Nudging Ace, they moved deeper into the forest, coming to an intersection where a network of trails converged, the wildlife leaving dusty furrows in crushed pine needles like the worn tread on an old carpet. Unerringly, Ace took the third left and began to climb.  On their many hikes, they’d taken each trail at one time or another to see where they led and if Mitch managed to get this far, it would take him too long to find the right route; by the time he figured it out, she and Ace would be long gone. 

     Except...there was his uncanny ability to find her.  Had he slipped a device into one of the packs at her house?  She liked that idea until she remembered he'd found her cabin before ever coming inside.  Her stomach churned with the need to know if Ace was the source, which meant she had to get to Maggie, the local veterinarian, as quickly as possible.  Because as much as she understood Mitch had the skills and experience needed for a bounty hunter, there was no way he was that good.  Unless he had an Ace up his sleeve.  She didn’t appreciate the irony.

And deep down it hurt that he'd used her dog as a means to an end.  Didn't he understand what being found would mean for her?  But maybe that worked for him.  He delivers on the contract and not only gets paid, but has his dog back too.  Win-win for him.  Dead for her.

With a low woof, Ace dashed through a small opening in a jungle of undergrowth and tangled shrubbery that covered the majority of a little dwelling. When she’d first set eyes on the place, she’d been fairly certain that vegetation was the only thing saving the house from collapse. Two massive rhododendrons nearly enveloped the entire structure.  Someone long ago must have planted them beside the house, but over the years they’d grown into trees with broad, tough branches that hugged the sides and snaked over the roof.  A climbing rose at the back had gone feral, crawling up and over the walls, razor-sharp thorns merging with the rhododendrons, burying the cabin like a well-kept secret.

After another glance down the trail and around the perimeter, she sidled between two branches that had grown together into a thick, twisted arch, guarding the front door like wooden sentinels, and followed Ace onto the dilapidated porch.  Months ago when she’d found the cabin and managed to push the door open, screeching over the warped threshold, she’d been surprised and charmed by the place.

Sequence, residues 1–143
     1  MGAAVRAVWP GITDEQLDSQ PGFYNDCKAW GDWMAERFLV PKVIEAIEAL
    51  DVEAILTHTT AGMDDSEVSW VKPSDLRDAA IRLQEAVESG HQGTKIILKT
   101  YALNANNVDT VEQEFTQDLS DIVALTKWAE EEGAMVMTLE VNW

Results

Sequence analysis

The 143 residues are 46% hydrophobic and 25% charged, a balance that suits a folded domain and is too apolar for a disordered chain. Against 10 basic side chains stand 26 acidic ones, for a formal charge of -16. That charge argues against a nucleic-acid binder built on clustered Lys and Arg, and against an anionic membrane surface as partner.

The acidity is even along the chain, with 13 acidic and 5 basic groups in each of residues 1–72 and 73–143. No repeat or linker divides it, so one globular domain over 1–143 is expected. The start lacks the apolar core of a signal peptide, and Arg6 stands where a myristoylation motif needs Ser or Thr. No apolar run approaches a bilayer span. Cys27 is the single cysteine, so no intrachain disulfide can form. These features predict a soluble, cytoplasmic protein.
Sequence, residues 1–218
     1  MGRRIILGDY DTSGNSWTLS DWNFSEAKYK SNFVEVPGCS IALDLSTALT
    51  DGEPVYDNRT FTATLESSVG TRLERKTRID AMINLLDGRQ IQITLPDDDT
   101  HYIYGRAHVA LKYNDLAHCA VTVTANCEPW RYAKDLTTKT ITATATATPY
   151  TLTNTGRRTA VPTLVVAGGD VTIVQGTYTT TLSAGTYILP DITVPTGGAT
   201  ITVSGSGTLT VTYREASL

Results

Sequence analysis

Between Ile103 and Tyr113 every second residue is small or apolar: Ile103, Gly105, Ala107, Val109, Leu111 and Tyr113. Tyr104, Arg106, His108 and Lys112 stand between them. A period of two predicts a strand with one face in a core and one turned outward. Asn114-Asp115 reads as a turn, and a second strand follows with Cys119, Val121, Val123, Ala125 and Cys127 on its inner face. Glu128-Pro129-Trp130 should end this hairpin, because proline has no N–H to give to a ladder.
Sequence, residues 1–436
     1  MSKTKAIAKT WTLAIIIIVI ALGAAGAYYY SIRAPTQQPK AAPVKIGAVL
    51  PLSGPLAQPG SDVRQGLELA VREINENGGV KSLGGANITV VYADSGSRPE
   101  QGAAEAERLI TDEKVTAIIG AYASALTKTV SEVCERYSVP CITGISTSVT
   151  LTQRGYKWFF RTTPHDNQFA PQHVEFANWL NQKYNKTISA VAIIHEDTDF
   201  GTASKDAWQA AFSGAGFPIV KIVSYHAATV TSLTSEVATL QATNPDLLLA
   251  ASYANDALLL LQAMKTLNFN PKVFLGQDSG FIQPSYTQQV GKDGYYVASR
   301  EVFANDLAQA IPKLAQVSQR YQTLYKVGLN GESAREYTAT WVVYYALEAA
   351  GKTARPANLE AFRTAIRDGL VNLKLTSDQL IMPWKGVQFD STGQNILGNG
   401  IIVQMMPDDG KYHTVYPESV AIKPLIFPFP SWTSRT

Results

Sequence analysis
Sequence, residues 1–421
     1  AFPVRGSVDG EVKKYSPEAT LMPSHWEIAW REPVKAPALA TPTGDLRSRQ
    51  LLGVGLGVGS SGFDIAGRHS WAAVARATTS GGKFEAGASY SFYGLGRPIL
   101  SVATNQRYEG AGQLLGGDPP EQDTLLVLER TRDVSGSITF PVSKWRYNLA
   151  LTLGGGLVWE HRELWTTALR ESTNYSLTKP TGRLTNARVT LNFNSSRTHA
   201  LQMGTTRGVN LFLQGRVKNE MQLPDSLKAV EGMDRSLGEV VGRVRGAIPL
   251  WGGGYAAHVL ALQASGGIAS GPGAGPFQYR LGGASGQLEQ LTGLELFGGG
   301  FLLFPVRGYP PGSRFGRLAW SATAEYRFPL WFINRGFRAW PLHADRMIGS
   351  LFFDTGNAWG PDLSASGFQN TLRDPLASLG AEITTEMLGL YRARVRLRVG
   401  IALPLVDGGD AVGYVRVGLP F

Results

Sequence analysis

Just one room, cozy and dry, with a narrow window beside the door, another next to the platform bed built into the wall on the right, both with glass so thick it was impossible to see anything outside except distorted shapes.  A rough stone fireplace was directly opposite the door, and an ancient pot-bellied stove, three makeshift shelves and a stained, cast iron sink set into a handmade wooden frame made up the kitchen area to the left.  A small, scarred table was pushed against the wall near the stove where she'd found a handful of faded forest service maps and an old calendar that went back nearly 70 years.

After several visits, she had also discovered the remnants of an outhouse, a dilapidated shed and the jagged, rocky outline of what might have once been a garden enclosure.  She thought perhaps a trapper had originally built the house before the forest service had claimed it, but even their presence was long gone, the cabin forgotten.  And she was very grateful for that, because right now she desperately needed a place to stop and catch her breath where no one could find her.

Dropping her pack, she knelt to dig out the small LED lantern and set it on the table, then rolled her shoulders and heaved a deep sigh of relief to be rid of the weight and the worry.  She hung her jacket on a nail beside the door and bent to unfasten Ace’s saddlebags, laughing when he immediately threw himself on the floor, rolled to his back and with legs flailing in the air, wiggled back and forth like he had a serious itch between his shoulder blades.  “I know just how you feel, big guy.”  Flopping to his belly, tongue lolling, he beamed a big toothy grin at her.